This is a conceptual take on ballet for six dancers and six guitars, staged by Ragnar Kjartansson and choreographer Margrét Bjarnadóttir with music by Bryce Dessner. Its simplicity and effectiveness make it a reflection on the grace, inner strength and skills of the dancer.
For almost half an hour six dancers clad in the normcore uniform of identical jeans and white T-shirts perform a choreographic composition, accompanying themselves on guitars. No tomorrow is no less a sonic musical experiment then a dance piece.
The title of comes from the French novella Point de Lendemain (“No Tomorrow”) by Dominique Vivant-Denon. Written in the late 18th century, Point de Lendemain is a masterpiece of the secular literature of the time. The verbal landscapes of the story are reminiscent of canvases by the master of “gallant scenes”, Jean-Antoine Watteau. Frozen in graceful poses, often in dance, Watteau’s characters are wistful, lacking in individual features and almost ephemeral in appearance, and the actions of his paintings suggest no development.
Kjartansson and Bjarnadóttir describe No Tomorrow as a homage to Watteau. Indeed, despite the lack of decoration and the emphatically simple costumes, the performance is deeply indebted to the Rococo style, of which Kjartansson is a declared devotee. The remote melancholy of their sung refrain and the repetitive pattern of their steps make No Tomorrow into an almost meditative experience. The music was written by Bryce Dessner, a composer and guitarist of the rock band The National.
Bryce has scored music for contemporary dance throughout his career and wrote No Tomorrow´s music with the idea of complicated counting patterns that only dancers could actualize. This is not music for guitarist, it´s music for dancers. Many of the performers of No Tomorrow did not know how to play the guitar before entering this project. They learnt the chords, picks and strums together with the choreography. The music of the ballet is in keeping with its movement – fragile, vulnerable and barely audible when the dancers retreat to the back of the stage or turn their backs to the audience. The bulky guitar, inseparable from each dancer throughout the performance, at times seems to be an extension of their body. No Tomorrow, like Vivant-Denon’s story, offers no final moral. Endless repetition turns into a manifesto of rhythm, movement and live sound. The ballet was premiered at the SACRIFICE Festival in Reykjavik in 2017.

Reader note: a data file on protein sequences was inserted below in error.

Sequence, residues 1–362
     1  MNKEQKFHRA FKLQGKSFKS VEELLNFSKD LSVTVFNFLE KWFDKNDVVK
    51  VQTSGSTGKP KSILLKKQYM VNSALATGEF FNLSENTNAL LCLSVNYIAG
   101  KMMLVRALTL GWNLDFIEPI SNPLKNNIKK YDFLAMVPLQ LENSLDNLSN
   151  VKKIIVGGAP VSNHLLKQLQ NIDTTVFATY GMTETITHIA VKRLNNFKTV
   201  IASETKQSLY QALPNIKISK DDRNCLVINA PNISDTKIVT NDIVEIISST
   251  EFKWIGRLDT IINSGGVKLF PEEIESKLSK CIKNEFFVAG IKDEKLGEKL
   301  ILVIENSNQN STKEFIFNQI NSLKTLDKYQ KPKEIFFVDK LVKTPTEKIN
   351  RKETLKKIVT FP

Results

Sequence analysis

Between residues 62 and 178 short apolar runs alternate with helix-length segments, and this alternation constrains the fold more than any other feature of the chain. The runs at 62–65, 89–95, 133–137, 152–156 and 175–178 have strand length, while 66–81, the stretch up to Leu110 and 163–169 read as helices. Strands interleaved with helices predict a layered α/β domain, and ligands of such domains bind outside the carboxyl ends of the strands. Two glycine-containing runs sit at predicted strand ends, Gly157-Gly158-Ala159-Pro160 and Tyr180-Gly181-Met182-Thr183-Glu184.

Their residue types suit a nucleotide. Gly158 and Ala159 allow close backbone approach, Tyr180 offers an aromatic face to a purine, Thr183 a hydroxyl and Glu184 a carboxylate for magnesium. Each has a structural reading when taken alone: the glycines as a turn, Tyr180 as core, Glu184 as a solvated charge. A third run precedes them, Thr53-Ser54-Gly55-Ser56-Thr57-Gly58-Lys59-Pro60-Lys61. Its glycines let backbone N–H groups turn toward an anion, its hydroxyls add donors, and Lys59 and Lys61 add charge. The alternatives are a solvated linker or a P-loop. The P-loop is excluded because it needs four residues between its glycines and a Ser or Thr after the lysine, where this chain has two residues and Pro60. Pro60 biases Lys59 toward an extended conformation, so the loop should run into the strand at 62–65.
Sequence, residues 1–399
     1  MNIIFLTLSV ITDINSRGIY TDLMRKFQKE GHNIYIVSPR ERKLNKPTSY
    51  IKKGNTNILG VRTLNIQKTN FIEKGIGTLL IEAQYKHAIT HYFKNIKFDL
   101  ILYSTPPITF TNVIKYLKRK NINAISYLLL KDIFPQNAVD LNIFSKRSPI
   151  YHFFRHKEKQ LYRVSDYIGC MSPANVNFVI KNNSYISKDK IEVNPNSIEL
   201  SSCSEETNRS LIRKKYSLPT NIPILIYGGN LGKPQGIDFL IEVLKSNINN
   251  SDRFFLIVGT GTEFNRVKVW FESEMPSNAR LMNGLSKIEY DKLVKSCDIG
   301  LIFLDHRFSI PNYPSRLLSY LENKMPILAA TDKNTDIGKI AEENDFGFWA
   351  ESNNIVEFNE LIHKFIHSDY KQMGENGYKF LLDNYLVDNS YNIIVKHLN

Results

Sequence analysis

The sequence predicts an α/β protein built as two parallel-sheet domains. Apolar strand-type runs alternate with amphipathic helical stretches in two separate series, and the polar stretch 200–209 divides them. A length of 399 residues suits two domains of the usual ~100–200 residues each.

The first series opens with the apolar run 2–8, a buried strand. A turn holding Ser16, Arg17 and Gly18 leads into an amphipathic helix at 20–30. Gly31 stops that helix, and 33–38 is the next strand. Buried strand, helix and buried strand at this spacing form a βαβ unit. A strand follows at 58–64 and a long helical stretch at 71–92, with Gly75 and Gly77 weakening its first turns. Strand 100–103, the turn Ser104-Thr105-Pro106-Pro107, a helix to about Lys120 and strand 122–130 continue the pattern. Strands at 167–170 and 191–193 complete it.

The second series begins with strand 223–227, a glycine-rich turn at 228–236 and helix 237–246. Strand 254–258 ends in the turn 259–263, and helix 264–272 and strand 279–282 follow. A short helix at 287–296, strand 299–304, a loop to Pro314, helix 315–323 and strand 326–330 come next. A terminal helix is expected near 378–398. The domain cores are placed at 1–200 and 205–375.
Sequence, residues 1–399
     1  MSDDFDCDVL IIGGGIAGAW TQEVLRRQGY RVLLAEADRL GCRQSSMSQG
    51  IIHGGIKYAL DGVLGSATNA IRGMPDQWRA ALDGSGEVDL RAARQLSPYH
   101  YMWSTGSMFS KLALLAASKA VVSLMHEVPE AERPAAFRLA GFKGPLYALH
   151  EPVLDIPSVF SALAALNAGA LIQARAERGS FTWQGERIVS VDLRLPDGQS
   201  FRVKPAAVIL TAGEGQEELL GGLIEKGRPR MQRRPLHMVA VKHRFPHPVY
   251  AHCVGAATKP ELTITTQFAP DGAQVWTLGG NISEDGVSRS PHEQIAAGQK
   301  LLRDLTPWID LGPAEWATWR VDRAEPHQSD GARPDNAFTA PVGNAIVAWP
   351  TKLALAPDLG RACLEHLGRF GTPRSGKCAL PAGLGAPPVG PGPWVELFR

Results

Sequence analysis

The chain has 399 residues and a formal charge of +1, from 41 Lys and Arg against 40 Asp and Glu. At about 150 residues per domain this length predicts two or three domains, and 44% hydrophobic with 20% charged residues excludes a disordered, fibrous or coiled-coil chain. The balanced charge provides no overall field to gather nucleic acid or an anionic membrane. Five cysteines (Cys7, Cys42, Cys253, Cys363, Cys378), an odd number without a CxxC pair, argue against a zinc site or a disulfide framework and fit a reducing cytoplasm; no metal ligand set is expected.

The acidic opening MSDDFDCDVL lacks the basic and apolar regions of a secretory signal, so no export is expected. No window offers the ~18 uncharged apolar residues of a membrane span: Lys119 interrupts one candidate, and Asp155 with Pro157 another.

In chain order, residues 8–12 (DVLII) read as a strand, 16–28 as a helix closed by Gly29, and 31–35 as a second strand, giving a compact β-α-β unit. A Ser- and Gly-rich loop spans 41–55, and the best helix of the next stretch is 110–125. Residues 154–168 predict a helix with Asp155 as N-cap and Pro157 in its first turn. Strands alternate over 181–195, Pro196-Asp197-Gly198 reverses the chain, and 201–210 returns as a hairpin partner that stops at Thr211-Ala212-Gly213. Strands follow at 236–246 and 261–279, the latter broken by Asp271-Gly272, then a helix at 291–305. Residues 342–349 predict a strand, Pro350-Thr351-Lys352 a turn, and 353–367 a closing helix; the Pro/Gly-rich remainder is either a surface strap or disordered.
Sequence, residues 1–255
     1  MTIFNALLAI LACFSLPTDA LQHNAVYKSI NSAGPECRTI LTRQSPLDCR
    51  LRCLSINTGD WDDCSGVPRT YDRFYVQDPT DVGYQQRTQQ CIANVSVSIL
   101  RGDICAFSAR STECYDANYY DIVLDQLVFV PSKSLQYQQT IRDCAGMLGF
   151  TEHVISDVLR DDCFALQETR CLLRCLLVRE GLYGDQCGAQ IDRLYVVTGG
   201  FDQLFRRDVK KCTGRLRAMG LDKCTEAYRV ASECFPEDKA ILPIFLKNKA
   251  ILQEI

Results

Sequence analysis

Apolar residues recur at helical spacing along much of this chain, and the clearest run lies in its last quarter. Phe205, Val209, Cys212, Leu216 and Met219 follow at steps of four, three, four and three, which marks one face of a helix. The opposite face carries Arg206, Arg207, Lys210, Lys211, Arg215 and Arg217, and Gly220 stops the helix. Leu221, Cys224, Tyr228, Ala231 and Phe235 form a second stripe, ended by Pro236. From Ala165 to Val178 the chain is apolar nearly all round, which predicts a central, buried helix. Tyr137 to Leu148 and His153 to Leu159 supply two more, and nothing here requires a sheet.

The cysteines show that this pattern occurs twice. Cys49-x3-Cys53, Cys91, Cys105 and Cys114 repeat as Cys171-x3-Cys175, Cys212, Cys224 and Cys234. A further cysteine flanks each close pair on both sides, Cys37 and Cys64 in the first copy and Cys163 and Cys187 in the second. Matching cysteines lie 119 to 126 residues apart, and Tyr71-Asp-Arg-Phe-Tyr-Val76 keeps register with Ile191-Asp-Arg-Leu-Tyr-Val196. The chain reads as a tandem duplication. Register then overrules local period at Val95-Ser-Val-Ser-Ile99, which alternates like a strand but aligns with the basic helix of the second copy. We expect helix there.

No Tomorrow has been highly praised by both critics and audience and received the Icelandic Performing Arts Award (Gríman) in 2017 for best choreography and for the best performance, which was the first time ever a dance performance is announced as Performance of the year at Gríman.
Concept and choreography: Ragnar Kjartansson and Margrét Bjarnadóttir
Music: Bryce Dessner
Dancers (original cast): Aðalheiður Halldórsdóttir, Anais Barthe, Elín Signý Weywadt Ragnarsdóttir, Halla Þórðardóttir, Hebar Eir Kjeld, Hjördís Lilja Örnólfsdóttir, Inga Maren Rúnarsdóttir and Lovísa Ósk Gunnarsdóttir
Other dancers: Védís Kjartansdóttir and Þyri Huld Árnadóttir